Flesh eating bug in Australia: are you in an affected area?
Experts warn of increase in cases
By Practical Parenting team
November 15 2018
A flesh-eating bug is spreading rapidly across the nation, experts have warned, with 400 new cases expected to be reported by the end of the year.
The bug, called the Buruli ulcer, or Mycobacterium ulcerans, is on the rise, with Victoria’s Department of Health and Human Services (DHHS) expressing concern.
Jett, a 12-year-old boy from Queensland, was in hospital for three months after contracting the bug and almost lost his leg. He is now learning to walk again, his mother Arna-Leigh told A Current Affair.
“It may be that mosquitos are biting possums and then biting people,” Dr Sutton said.
“It could also be possum faeces being contaminated it and people are getting it into their skin through cuts or scratches.”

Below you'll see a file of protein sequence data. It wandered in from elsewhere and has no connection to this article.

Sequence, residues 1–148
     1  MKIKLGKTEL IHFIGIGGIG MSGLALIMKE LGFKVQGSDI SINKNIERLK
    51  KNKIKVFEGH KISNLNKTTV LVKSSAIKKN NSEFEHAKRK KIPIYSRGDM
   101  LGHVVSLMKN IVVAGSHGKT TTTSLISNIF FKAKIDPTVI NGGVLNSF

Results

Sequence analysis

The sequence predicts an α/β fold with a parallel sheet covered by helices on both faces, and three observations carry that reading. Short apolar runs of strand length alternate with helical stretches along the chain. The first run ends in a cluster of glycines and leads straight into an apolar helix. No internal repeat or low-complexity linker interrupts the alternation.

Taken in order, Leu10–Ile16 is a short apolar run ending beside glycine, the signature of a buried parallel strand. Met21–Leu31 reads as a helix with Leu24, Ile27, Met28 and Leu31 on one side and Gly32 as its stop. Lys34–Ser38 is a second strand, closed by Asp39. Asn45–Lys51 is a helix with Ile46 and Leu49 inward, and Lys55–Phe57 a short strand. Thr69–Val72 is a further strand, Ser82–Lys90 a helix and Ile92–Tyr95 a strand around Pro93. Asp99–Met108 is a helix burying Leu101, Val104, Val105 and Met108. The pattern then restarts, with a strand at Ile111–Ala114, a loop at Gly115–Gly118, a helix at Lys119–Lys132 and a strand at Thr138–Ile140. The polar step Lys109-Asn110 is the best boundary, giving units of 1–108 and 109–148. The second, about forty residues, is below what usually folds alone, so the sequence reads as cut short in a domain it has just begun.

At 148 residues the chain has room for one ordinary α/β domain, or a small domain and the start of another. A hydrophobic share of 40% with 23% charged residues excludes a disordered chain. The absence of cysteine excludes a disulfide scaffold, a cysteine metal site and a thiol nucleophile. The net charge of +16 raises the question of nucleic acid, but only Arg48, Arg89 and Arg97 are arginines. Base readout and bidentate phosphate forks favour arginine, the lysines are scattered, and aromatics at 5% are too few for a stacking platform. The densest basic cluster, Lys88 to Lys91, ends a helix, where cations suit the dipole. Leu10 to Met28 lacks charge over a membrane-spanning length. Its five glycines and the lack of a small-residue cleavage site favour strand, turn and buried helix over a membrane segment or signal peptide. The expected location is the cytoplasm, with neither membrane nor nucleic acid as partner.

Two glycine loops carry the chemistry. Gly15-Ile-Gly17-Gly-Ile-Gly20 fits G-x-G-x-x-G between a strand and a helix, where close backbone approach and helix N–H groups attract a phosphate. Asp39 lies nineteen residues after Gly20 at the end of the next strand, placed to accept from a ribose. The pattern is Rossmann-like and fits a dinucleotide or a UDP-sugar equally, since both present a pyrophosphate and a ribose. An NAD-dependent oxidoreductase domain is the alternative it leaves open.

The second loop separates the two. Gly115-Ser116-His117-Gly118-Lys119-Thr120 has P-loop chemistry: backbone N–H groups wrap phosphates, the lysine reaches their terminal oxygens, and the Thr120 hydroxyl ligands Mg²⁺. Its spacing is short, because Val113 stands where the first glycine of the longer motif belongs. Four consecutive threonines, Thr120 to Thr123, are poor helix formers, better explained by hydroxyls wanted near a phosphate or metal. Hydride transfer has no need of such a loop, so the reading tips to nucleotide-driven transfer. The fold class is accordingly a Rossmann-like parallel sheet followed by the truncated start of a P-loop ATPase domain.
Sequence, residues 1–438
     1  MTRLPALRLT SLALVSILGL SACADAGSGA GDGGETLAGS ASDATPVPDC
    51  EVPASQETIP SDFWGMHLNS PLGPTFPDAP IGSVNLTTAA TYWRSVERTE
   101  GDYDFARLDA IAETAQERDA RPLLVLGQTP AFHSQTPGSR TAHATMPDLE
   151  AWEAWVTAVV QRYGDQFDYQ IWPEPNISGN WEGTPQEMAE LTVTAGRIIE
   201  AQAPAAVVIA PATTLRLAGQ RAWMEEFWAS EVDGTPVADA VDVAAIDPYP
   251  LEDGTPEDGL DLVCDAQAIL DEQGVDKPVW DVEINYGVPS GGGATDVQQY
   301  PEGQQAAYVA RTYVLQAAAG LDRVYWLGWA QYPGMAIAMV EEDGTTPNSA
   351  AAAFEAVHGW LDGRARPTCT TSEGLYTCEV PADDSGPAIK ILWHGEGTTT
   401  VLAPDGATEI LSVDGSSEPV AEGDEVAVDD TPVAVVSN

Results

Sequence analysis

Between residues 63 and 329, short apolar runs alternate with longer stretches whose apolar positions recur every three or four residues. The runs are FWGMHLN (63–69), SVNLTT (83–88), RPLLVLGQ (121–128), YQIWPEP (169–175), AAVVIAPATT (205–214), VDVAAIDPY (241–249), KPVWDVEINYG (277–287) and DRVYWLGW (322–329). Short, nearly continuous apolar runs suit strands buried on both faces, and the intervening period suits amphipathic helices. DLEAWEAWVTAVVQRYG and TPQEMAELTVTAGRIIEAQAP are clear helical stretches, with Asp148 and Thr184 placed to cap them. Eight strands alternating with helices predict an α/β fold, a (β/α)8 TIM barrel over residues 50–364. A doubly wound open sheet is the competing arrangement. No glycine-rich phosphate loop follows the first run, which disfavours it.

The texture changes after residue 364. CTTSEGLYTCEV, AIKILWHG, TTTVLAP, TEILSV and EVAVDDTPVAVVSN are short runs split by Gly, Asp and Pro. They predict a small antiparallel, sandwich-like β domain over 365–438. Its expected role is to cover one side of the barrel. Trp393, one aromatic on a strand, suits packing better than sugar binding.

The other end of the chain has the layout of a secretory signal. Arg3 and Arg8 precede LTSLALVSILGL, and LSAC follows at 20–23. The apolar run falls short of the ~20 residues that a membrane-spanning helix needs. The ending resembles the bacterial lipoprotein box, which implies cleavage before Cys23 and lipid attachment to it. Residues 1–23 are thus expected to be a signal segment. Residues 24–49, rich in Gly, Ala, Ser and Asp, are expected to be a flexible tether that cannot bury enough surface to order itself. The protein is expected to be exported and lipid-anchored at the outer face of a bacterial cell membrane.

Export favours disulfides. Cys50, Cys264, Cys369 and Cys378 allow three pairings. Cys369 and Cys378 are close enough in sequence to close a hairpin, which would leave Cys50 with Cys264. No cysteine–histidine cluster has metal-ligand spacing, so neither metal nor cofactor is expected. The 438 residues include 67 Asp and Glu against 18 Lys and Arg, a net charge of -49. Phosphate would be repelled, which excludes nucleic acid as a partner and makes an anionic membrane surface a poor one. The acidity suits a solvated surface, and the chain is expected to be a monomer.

There were 182 cases reported in 2016, then from January to November last year there were 236 cases. Experts are now concerned that it will spread further across Victoria and the rest of Australia.
The first sign of the Buruli ulcer is usually a painless, non-tender nodule or papule, often mistaken for an insect bite. In one or two months, the nodule may erode, forming an ulcer with undetermined edges.
A swab test can detect whether the disease is present or not. It also often appears on exposed areas on the limbs.
The bug can be prevented by using insect repellent and wearing long-sleeve shirts and pants outdoors. Cuts and abrasions should be kept clean and covered up.
If there is any concern, you should present to your GP or medical practitioner. The bug is usually treated with oral antibiotics, and potentially surgery to remove the tissue if necessary.